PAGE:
IN the end, numbers are numbers. It’s what you do with them that counts.
And the picture painted by Regional Australia Insititute editor in chief Amanda Barwick has Moree breaking the mould and getting innovative.
Ms Barwick opened this month’s The Next Crop forum by introducing the Insitute’s [In]sight demographic data tool – and what it says about Moree.
[In]sight is an online interactive map that uses and organises Census data across a number of themes to unlock insights on regional performance.
Regions are given rankings out of 560 for each factor, a comparison to all other local government areas in the country, including in major cities.
It is a way to look at your strengths and look at your weaknesses
The latest version of the program is set to be released release in the coming weeks, but Ms Barwick gave the Moree audience a taste of what the new data says about Moree.
Since 2011 - where Moree’s labor participation rate, and high industrial value saw it ranked 218 in the nation for economic fundamentals – it has climbed to 206 in the nation for that factor.
More people are moving to the region with science, technology and mathematics skills, and there’s been a particular rise in people with skills in intensive business services, moving Moree’s ranking from 241 to 171 in five years.
“These are the types of roles you need in the community to grow business and grow jobs,” Ms Barwick said.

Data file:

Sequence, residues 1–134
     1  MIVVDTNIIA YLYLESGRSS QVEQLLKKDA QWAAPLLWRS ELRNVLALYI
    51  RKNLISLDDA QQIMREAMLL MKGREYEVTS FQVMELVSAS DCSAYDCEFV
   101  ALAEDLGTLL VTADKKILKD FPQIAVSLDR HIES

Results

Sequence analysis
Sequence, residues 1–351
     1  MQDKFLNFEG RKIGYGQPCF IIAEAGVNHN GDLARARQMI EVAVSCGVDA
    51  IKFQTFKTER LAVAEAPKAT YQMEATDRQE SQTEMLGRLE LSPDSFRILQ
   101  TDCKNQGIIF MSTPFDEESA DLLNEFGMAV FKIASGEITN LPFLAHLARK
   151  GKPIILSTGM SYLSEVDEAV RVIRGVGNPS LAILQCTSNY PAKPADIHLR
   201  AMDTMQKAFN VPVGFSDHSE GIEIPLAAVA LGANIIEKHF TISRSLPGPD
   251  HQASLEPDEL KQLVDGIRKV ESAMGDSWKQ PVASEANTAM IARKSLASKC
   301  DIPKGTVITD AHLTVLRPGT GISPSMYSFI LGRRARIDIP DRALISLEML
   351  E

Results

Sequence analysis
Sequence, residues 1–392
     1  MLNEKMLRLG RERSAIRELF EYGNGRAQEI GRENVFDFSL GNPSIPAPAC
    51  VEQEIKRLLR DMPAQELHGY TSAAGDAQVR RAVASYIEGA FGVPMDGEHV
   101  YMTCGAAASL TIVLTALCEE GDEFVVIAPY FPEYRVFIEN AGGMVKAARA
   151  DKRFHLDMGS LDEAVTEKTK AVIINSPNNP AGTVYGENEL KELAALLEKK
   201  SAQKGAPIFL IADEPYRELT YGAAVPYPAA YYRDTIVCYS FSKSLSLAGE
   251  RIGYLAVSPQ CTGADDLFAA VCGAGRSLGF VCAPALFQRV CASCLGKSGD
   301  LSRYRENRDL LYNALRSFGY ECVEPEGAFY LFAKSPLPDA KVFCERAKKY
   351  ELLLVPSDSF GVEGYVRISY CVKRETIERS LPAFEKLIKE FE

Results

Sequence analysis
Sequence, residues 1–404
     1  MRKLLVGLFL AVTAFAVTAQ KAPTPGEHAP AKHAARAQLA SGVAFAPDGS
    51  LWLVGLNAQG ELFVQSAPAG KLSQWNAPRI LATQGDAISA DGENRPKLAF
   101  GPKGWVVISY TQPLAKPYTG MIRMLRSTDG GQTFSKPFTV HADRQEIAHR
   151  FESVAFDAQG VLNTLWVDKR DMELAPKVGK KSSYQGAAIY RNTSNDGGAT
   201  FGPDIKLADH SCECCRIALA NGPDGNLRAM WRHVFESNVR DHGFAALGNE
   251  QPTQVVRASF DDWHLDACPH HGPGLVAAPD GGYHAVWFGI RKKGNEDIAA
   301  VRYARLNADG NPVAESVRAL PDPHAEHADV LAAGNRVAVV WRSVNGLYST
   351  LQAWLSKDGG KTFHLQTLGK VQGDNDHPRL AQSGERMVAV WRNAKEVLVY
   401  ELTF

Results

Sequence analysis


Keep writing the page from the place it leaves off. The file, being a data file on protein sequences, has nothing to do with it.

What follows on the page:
There’s also been a jump in the number of business advisors in town between 2011 and 2016, a factor that Ms Barwick said could indicate economic growth and diversity.
“The economy has become more diverse in the last five years,” Ms Barwick said.
“In terms of the Business Dynamo indicator, your ranking has moved from 278 to 233. (That) looks at the number of new business entries into Moree, the number of business owners-managers in your region and trademark applications.
[In]sight also showed, like many regional NSW areas, Moree’s population declined – albeit slightly.
That’s a challenge faced by many North-West communities, including Walgett and Bourke, who also see a positive growth rate and good overseas migration, but a larger numbers of residents leaving town.
Also unsurprising is a jump in the proportion of over 65s in Moree.
But again, Ms Barwick said the number are what you make them.
“Ultimately they are just stats,” she said.
“They pose a lot of questions and that can be good. It is a way to look at your strengths and look at your weaknesses and see what you want to work on.”